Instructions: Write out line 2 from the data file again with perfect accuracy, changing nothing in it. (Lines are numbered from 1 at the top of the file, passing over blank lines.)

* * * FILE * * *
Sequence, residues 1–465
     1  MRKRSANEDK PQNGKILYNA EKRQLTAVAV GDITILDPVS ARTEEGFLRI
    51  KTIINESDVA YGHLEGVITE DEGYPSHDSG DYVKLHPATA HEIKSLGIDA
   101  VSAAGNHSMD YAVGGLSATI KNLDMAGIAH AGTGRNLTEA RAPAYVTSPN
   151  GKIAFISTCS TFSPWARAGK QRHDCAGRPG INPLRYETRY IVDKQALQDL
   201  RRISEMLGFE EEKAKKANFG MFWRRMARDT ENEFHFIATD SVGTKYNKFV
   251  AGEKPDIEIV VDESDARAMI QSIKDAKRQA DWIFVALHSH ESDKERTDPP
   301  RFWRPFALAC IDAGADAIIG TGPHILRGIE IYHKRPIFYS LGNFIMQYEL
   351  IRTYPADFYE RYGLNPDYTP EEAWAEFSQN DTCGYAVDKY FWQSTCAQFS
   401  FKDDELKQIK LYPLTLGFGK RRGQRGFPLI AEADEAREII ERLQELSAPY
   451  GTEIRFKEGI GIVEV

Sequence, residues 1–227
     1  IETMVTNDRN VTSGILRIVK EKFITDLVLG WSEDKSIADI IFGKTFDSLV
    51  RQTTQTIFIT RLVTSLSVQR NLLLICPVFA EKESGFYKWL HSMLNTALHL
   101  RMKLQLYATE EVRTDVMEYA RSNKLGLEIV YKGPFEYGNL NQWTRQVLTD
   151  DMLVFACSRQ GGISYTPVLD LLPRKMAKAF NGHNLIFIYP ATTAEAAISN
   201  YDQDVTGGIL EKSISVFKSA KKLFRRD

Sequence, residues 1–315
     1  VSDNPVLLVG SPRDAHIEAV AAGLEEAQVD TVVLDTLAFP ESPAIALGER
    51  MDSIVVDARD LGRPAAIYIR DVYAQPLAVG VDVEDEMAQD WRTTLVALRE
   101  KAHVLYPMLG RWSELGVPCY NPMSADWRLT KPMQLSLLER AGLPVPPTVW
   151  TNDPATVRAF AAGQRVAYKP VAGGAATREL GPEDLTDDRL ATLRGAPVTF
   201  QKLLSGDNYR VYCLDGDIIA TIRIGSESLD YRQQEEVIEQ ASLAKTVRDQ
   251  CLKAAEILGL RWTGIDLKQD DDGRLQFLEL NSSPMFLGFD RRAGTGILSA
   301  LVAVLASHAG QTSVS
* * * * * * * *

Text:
     1  MRKRSANEDK PQNGKILYNA EKRQLTAVAV GDITILDPVS ARTEEGFLRI